March 19th, 2014

the development of Christian doctrine

It is 10:02 AM Wednesday morning here where I am at. Outside it is in the 40's and it is raining. The rain will melt some of the snow mountains.

I got up this morning around 7:05 AM. I made a pot of coffee when I got up and then messed with our main computer (when I read my diaries I want to scream from the pain of boredom). After messing with our main computer I made a batch of pancakes to eat for morning meals while my wife is away visiting Beth, Andy and baby Mae. A man has got to eat. After making pancakes I cleaned the kitchen and then sat in our living room wondering why? Carol came home from work and has gone to bed. This week has blown her out!

I have been reading off and on this morning a volume titled, "Acts" by Jaroslav Pelikan [Brazos Theological Commentary On The Bible]. I also wrote this morning two pages of shit in my private diary.

Carol suggested this morning I go downtown and buy our new grandbaby Louisa Mae a girl's jewelry box and after buying it put a card in it addressed to Mae "Welcome in the world baby girl." I have been thinking of buying Mae a stuffed animal since I bought each of our three children stuff animals when they were born. I am sure Carol will spend a small fortune on our grandchildren. You can not take it with you as the old saying goes.

Last night I watched television and read my books. I read from these books last night before passing out from spiritual exhaustion, "The Lure Of The Sea: The Discovery Of The Seaside 1750-1840" by Alain Corbin and "Proust At The Majestic: The Last Days Of The Author Whose Book Changed Paris" by Richard Davenport-Hines.

Well I will close to figure it out before death smacks me in the face.
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the history of the CIA

It is 12:14 PM Wednesday afternoon. It is still raining here in West Michigan. It is not a heavy rain but a slow drizzle. Life sometimes can be a slow drizzle.

I did go downtown and get a gift for baby Mae for Carol to take tomorrow when she leaves for the Southwest. Maybe someday I will hold in my arms baby Mae. I am not into leaving the house or flying long distances. I like the safety of my cell. I am always daydreaming of a perfect cell.

After getting baby Mae a gift I drove to the Salvation Army thrift store to look at their used books. I found these used books to ADD to our library this morning.

"Moby-Dick" by Herman Melville A Norton Critical Edition Edited By Harrison Hayford And Hershel Parker An Authoritative Text Reviews And Letters By Melville Analogues And Sources Criticism

"Legacy of Ashes: The History of the CIA" by Tim Weiner

"Lives Of The Poets" Six Stories & Novella by E. L. Doctorow

"Perfect Recall" New Stories by Ann Beattie

"Big Sur And The Oranges Of Hieronymus Bosch" memoir by Henry Miller

When I got home from my travels I ate lunch and wrote some more in my paper diary. Well I will close to face the firing squad. There is no turning back.
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interview with British writer Penelope Lively

Recently a LiveJournal friend mentioned listening on NPR an interview with the British writer Penelope Lively. I listened to this interview this afternoon and found these remarks interesting because I am a book lover.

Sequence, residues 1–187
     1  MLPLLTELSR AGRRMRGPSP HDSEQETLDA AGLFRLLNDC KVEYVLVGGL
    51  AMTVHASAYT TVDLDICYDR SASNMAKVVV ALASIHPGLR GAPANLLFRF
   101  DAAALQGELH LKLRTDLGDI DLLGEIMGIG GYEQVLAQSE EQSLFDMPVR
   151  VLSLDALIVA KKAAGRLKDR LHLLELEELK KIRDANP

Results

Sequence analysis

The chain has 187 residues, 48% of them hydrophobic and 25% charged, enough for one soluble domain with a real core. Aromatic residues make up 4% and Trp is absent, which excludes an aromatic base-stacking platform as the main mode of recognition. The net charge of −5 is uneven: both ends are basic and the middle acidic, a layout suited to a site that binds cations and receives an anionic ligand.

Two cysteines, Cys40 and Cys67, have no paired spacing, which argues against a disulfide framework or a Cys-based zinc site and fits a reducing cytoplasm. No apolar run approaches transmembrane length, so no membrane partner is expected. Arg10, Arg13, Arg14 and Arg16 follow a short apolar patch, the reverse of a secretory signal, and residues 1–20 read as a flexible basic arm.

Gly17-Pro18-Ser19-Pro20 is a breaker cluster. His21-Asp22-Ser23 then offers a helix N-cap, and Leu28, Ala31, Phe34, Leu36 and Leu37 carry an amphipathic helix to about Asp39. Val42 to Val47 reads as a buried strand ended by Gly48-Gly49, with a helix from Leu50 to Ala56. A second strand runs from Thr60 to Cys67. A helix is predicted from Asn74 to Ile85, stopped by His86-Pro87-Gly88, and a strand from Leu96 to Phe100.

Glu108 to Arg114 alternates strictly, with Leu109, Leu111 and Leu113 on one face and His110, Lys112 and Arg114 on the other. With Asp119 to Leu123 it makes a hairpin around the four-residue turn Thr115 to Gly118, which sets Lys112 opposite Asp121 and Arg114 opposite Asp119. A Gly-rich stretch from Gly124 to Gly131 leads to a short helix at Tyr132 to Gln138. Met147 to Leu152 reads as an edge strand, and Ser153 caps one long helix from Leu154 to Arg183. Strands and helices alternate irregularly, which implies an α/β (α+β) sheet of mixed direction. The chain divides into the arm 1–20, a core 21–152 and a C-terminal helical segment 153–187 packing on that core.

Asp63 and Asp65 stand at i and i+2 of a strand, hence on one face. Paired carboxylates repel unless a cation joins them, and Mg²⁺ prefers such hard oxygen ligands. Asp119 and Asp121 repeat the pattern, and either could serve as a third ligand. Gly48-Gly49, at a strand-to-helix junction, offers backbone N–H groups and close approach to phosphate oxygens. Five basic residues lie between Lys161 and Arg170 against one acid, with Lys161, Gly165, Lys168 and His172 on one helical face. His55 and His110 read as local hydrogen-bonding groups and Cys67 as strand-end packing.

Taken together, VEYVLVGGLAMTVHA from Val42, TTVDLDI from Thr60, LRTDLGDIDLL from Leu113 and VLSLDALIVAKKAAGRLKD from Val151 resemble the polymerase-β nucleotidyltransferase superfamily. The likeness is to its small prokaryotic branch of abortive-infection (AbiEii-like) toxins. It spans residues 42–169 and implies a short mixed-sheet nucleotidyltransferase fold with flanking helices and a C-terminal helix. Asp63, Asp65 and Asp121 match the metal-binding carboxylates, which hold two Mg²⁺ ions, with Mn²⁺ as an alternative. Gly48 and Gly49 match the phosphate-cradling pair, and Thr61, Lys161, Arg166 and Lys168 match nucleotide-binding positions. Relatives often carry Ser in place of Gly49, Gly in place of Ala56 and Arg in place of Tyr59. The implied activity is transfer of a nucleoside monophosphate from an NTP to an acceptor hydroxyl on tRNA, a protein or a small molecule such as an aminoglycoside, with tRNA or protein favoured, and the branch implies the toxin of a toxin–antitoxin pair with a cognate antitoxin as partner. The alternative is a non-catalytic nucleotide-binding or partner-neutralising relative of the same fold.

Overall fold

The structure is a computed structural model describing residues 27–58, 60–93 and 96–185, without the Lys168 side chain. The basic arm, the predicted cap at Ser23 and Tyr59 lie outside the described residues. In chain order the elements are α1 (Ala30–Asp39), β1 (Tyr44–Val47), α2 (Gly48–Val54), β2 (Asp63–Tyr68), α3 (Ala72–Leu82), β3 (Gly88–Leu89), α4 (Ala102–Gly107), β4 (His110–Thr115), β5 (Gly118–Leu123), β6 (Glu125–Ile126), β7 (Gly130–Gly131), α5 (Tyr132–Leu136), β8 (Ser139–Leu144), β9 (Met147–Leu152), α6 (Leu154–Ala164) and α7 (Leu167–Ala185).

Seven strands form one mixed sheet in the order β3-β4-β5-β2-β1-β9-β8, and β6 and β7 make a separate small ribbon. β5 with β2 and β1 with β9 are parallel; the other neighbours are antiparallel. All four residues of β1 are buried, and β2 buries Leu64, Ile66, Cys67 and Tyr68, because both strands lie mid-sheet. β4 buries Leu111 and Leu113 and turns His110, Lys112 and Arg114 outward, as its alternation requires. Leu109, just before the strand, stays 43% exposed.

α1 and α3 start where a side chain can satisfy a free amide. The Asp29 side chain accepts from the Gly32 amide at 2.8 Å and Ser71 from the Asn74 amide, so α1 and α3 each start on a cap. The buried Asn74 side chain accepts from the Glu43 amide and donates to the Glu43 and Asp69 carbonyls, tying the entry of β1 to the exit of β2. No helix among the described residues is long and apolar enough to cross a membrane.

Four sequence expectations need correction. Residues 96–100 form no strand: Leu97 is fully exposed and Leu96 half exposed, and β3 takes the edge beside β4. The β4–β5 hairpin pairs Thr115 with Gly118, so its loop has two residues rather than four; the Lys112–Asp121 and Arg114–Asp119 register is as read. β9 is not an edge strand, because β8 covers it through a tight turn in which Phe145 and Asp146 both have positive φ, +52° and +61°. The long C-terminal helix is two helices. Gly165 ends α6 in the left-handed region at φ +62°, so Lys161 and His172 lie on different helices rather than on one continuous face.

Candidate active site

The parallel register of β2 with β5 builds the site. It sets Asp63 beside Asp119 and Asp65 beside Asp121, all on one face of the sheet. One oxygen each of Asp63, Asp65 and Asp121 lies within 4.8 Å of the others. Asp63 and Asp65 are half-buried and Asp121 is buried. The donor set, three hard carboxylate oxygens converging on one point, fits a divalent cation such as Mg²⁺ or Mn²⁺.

"GROSS: You have a gazillion books, right?

LIVELY: Yes.

(LAUGHTER)

GROSS: So, here's my question: Like, why hold on to all those books? Speaking for myself, we have books and records on the floor and on tables and couches. I mean, it's just - it's way too much stuff. And you're not going to be able to reread all those books. So what's your answer for why it's worth holding onto them, knowing that you probably don't need to refer to most of them, you're not going to reread them, and you might not get to the ones you haven't already read?

LIVELY: Ah, well, that's an important question, and there's a very good answer to that. It's that simply that they chart my life. They chart my - well, I don't want to sound ponderous, but they chart my intellectual life. They chart everything that I've been interested in and thought about for the whole of my reading life. So, if they went, I would, in a sense, lose a sense of identity. They identify me.

And you're quite right: most of them I shall never read again. But you never know what you may want to go back to, and it does constantly happen to me that there's something that I suddenly think, oh, I've got that book. Let me just look that up. I do it every day. I look for something along the shelves. And if I got rid of them, then I wouldn't have them.

But yes, nowadays we can quickly acquire things on Amazon, or whatever. So that's not the main reason. The main reason for me is this sense of identity, this wonderful sort of familiarity of the way that hands wave from the shelves, as it were, saying: Remember me? You know, remember when you were interested in this? Remember when you enjoyed reading her? And that kind of thing.

So that's what they're there for, and that's why I think I've got about 3,000 books, and I don't want any of them to go. I did think of moving into an apartment a few years ago. I live in a vertical, 19th-century London house. And I could never find any apartment that would have room for about 3,000 books and a lot of pictures, as well.

And I just thought, no. We'll think of something else. We'll have a stair lift, when push comes to shove."

interview with Penelope Lively NPR
http://www.npr.org/2014/03/17/290855933/author-penelope-lively-shares-the-view-from-old-age
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